The Love Song of Gina and Freddy

Last weekend, the Drama Book Shop closed, and a friend of mine became famous.

It’s not permanently closed, of course; as you no doubt have heard, a team of investors led by Lin-Manuel Miranda has purchased their parent company, and will reopen the noted (and Tony-winning!) store in a few months’ time. But the 40th Street location that has served the theatrical community since 2001 has been shuttered due to escalating rent; their landlord refused even a six month extension while they relocated, so at this moment, there is no physical space called the Drama Book Shop. You can still purchase playscripts online, of course; and even at your local bookstore if its selection is broad enough. But the Drama Book Shop was always more than simply a place to buy books. It was a shared space, a hub, a support system for the arts, a location for events.

In reporting on the end of this current iteration of the store, the New York Times
published an account of the last such event held at the store, a public reading by playwrights Annie Baker and Amy Herzog. The story described much of the activity at the store in its last days, including the writing out of memories of the store by customers and well wishers, notes which were posted on its walls and empty stacks. The human interest kicker is the note from the person, anonymous in the story, who wrote that their favorite memory was “getting to marry the cashier.”

Well, she’s not anonymous! I know her! (Yes, I’m almost famous by proxy.)

Gina was one of the playwrights in the production of horror-themed one-acts for which I wrote my short play Trumpets Sounding Over Harrisburg. We quite literally sat around a table on the August evening when we started that project, and drew our subjects from out of a hat. It was that sort of an event, for the which a mutual friend had recruited both of us, and we’ve remained in touch ever since.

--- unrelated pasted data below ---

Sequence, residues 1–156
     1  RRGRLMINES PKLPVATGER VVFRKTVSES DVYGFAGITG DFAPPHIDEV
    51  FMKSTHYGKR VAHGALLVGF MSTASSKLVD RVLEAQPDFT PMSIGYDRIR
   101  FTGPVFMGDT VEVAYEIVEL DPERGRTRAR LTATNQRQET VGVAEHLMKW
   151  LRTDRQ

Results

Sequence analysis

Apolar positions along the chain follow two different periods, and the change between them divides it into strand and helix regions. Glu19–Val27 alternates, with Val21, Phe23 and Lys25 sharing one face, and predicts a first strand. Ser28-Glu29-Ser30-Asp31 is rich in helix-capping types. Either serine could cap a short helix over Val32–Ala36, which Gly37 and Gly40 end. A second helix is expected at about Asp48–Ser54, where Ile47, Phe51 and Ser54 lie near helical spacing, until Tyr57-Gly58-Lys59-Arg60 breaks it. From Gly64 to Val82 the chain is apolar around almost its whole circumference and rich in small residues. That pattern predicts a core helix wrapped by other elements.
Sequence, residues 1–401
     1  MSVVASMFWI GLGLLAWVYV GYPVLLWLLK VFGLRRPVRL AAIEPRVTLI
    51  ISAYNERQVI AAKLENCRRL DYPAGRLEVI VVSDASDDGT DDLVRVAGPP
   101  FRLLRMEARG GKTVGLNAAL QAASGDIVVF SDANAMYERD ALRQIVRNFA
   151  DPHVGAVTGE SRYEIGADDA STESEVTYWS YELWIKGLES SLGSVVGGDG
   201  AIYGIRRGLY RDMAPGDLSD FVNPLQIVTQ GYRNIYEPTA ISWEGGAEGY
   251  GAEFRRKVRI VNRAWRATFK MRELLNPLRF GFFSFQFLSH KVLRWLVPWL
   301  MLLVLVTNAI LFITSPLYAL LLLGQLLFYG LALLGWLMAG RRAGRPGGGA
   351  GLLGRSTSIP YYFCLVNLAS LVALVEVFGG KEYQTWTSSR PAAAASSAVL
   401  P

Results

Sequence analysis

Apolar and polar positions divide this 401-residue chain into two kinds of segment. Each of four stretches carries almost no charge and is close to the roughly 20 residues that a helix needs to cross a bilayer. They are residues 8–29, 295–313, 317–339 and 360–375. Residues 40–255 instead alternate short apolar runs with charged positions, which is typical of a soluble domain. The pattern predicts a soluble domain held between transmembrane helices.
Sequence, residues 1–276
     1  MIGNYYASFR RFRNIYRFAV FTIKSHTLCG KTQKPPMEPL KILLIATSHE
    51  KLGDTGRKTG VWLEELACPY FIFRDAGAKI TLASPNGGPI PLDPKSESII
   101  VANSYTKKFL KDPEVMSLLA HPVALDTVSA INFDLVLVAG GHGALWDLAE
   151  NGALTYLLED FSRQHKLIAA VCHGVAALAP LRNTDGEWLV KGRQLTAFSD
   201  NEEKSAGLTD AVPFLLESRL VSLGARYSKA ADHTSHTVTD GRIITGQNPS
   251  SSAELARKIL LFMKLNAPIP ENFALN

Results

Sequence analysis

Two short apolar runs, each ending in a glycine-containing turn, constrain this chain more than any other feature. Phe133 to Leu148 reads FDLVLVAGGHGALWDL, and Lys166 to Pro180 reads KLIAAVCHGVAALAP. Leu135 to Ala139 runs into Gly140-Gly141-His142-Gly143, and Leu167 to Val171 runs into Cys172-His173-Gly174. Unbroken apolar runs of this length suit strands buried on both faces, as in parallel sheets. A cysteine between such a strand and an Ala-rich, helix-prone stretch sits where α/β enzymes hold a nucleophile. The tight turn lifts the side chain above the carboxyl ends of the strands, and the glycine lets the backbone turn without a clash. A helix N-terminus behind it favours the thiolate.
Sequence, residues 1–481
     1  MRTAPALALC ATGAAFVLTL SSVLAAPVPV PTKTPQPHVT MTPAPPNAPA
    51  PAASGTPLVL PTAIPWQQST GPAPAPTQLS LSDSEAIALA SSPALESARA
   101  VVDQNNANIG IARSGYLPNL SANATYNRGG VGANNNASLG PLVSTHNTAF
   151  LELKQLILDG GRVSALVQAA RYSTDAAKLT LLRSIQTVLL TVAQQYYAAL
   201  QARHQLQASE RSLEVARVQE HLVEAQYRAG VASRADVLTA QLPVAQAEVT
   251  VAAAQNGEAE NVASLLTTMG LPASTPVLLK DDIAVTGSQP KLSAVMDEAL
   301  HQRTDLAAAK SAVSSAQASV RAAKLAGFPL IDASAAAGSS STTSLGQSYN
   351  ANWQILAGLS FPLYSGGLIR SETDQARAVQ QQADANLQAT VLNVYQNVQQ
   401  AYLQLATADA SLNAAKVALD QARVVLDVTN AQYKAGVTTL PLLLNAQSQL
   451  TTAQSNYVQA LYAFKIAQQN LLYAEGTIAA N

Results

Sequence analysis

Gina’s ridiculously prolific (she averages a draft of a new full length every two months, or something absurd like that), and she participates in a number of events like this. One of these was a series at – you guessed it – Drama Book Shop, where playwrights would sit in the window of the store and write their play for a few hours at a time. It’s writing-as-its-own-performative act, a somewhat more elaborate version of us tweeting about our progress in a rough draft – or, say, posting weekly blog posts about it.  (Another play written under similar circumstances at Drama Book Shop?  Hamilton, by that Lin-Manuel Miranda fellow.) . It was after this event that Gina hung around the store for a while, and met the cashier Freddy. As reported by the paper of record, they’re married now.

I saw the two of them this past week, at a developmental meeting and benefit for yet another of her plays. They’re doing fine. Freddy is keeping busy with his side business. Gina has still another play being read tonight (assuming you’re reading this Monday), which will constitute still another benefit event.

If I’m making it sound like the life of a writer is a whirlwind of wacky events (as opposed to us just sitting on the couch procrastinating), that’s because it has to be. We need these interactions; they facilitate what we do, they give us new ideas, they spur us on to other things. And for all this to happen, we need places where these interactions can take place. And for close to two decades, one of those major nexus points was just off the corner of 40th Street and 8th Avenue.

See you in a few months, guys.

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